Amaretti are my favourite biscuit, not only because they taste delicious but also because they are so easy to make and pretty healthy – as far as biscuits go.
It’s not the gluten free bit that makes them healthy, although it does come in handy with the current popularity of eating ‘gluten free’. No, what makes them healthy is the fibre and unsaturated fats from the almonds – essential for beautiful skin, hair and nails, girls!
In this recipe I have reduced the sugar by almost half. Most amaretti recipes use equal proportions of ground almonds and sugar but they taste just as good with less.
With this recipe your hands are your utensils – no mixing spoons. It’s a little like re-living that wonderful childhood pastime of squishing mud between your fingers. Just make sure you don’t have to answer your phone! Pop them into the oven for five minutes and you have the perfect treat for the lunchbox or with a strong Italian coffee.
400g pack ground almonds
2 small cups of sugar
1 tsp vanilla essence
Dash almond essence
4 egg whites (I make custard with the leftover egg yolks)
Mix almonds and sugar in a large bowl with your hands. Add essences, then egg whites. Mix with hands. (It feels all squidgy like a kid playing in mud!)
Sprinkle icing sugar on bench. Roll a portion of almond mix into a sausage shape. Coat in icing sugar. Cut into 2cm pieces.
Place baking paper on flat trays. Stand each biscuit upright on tray and press down with fingers to make a nice, uneven shape.
Bake at 170-180 5-6 minutes until just beginning to crack
“How can I use up this quinoa?” I asked my good friend. A bag of the stuff sat in my pantry, a brown paper reminder of a moment of inspired healthiness while browsing the health food shop. Weeks later, my good intentions still sat there, waiting for me to be re-inspired. And inspired I finally was, not by my friend’s suggestions but by the recipe book she bought me as a present.
I flicked through the recipes, salivating at the gorgeous food photography and mentally noting which ones I would try first. Then one caught my eye: Spiced Vegetable Couscous. I love roast vege salad and usually toss it with red wine vinegar. This recipe has the added fibre and flavour of chick peas, mint, coriander, tzatziki and a Moroccan spice mix called ras el hanout (paprika, cumin, ginger, coriander, turmeric, fennel, allspice, cardamom, dill, galangal, nutmeg, caraway, black pepper, cloves, rose petals and much more) which I bought at Herbies, a dedicated spice shop, just up the road in Rozelle, Sydney.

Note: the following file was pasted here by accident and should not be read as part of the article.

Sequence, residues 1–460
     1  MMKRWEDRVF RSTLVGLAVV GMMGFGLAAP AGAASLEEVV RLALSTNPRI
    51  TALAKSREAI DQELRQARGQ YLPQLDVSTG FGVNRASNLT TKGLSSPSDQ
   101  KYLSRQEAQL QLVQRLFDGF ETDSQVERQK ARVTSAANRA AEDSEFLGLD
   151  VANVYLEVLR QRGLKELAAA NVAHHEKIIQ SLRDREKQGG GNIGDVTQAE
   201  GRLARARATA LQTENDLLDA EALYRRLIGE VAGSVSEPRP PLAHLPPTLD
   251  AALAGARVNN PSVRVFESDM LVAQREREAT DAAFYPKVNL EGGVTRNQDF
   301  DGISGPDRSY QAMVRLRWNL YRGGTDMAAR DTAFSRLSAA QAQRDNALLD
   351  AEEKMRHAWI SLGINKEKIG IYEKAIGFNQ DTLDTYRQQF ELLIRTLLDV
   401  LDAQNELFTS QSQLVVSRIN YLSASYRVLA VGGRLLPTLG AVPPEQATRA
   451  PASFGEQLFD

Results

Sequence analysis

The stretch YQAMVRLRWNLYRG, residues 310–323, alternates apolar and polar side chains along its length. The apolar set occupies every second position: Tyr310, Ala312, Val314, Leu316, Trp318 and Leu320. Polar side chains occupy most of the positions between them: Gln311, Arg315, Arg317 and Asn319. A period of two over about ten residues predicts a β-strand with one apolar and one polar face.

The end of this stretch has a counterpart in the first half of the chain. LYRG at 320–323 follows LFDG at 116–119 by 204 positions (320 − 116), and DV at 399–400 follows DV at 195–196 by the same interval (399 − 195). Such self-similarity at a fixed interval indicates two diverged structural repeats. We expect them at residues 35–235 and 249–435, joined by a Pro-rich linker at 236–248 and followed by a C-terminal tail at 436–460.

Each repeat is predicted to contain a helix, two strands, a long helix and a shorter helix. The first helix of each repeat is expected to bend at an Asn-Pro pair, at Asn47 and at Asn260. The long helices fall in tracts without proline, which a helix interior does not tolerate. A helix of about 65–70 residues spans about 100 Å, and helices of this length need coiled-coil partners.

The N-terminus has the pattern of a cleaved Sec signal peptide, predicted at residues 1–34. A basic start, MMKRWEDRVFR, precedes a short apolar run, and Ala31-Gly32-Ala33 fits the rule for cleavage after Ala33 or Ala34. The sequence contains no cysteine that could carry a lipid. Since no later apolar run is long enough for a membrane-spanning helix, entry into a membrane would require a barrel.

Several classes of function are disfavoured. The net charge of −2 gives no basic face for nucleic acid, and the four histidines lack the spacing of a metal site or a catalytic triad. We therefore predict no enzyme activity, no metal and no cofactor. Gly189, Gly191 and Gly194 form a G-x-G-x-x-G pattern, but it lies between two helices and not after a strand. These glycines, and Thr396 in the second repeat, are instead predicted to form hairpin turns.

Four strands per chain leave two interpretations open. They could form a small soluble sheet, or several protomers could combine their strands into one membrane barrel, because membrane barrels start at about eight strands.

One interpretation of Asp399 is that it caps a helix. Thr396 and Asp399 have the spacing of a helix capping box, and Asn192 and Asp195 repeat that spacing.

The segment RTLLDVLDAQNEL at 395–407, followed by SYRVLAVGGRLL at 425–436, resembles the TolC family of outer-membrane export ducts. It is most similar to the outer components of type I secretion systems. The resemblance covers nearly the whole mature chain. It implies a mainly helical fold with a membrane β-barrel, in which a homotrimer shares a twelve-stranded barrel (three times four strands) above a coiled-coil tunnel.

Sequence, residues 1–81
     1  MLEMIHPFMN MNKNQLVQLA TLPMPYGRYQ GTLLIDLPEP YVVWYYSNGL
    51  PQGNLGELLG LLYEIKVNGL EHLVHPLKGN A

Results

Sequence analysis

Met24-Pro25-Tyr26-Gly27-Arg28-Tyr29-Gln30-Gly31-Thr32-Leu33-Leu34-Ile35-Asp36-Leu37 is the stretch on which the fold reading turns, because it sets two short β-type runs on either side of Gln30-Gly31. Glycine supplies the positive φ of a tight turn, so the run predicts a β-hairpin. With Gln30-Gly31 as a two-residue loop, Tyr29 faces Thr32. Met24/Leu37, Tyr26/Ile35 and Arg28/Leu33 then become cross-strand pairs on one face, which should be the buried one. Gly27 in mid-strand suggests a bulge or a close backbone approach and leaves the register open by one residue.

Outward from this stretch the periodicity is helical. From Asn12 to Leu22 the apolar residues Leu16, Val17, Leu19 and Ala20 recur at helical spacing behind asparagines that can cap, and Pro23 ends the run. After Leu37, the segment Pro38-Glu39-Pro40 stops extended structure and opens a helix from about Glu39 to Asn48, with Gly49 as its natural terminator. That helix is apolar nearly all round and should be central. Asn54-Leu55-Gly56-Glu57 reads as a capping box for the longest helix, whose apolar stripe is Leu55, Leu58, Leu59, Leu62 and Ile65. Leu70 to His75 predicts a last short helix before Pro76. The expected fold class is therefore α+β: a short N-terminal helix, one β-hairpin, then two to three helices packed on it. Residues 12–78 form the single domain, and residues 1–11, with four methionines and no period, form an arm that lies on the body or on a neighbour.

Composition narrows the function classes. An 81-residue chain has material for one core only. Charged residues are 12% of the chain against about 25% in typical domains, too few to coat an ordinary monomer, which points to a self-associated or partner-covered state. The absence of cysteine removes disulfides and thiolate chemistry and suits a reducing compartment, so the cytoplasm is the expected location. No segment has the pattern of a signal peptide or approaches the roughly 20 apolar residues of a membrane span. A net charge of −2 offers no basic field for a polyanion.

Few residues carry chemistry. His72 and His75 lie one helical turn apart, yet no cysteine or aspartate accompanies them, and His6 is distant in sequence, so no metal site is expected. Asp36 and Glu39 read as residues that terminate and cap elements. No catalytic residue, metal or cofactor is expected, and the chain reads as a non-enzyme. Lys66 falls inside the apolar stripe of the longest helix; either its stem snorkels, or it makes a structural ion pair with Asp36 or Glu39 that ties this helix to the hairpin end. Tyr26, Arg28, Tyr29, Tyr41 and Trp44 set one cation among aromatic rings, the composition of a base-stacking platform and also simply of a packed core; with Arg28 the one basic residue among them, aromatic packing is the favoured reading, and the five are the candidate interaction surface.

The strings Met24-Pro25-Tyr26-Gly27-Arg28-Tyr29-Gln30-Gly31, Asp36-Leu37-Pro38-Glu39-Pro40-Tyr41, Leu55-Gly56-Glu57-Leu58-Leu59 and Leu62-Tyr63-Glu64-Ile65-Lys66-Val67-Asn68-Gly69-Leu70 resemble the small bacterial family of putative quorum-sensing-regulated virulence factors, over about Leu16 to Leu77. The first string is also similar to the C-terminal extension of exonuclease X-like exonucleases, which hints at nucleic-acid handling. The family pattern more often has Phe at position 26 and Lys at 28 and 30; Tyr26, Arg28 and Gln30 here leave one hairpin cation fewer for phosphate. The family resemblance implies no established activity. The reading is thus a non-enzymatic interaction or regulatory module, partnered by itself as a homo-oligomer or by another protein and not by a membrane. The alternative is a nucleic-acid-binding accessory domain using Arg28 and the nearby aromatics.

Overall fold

It’s Boxing Day and I’m sitting on a picnic rug in the Botanic Gardens overlooking the beautiful Sydney Harbour. We’re here to catch a glimpse of the start of the Sydney to Hobart yacht race – one of the most dangerous yacht races in the world. Helicopters buzz overhead while a myriad of vessels laden with well-wishers swarm around the racing yachts as they sail up the harbour and out to sea. We’re also here for a picnic of Christmas leftovers – prawns, baguette, cherries, Christmas mince tarts, chocolates (Santa was overly generous with the chocolates this year), and terrine.
Terrines look like hard work but are really quite easy to make. You make it one or two days in advance and on the day, simply take it from the fridge, slice and serve – ideal for a warm southern hemisphere Christmas.
Last night I marinated some lean lamb back straps in caramelized balsamic vinegar and orange juice, then pan-fried them and served them over rocket leaves accompanied by hummus, tomato, cucumber and mint salsa, and flat bread.
It was my attempt to honor the night before Good Friday when the Jewish people celebrate Passover. Lamb, bitter greens (rocket), vinegar and flat bread (no yeast) are just some of the foods that remind the Jewish people of their miraculous escape from Egypt thousands of years ago.
It is also a significant meal for people who celebrate Easter because Jesus would have eaten similar foods as he celebrated Passover with his friends on the night before he was arrested and killed.
Religion aside, this Middle Eastern food combination is a lovely, relaxed way to start the Easter weekend. Enjoy!
2 lamb back straps
Juice of 1 orange
1/2 cup caramelized balsamic vinegar (If you use plain balsamic, add 1 tablespoon brown sugar)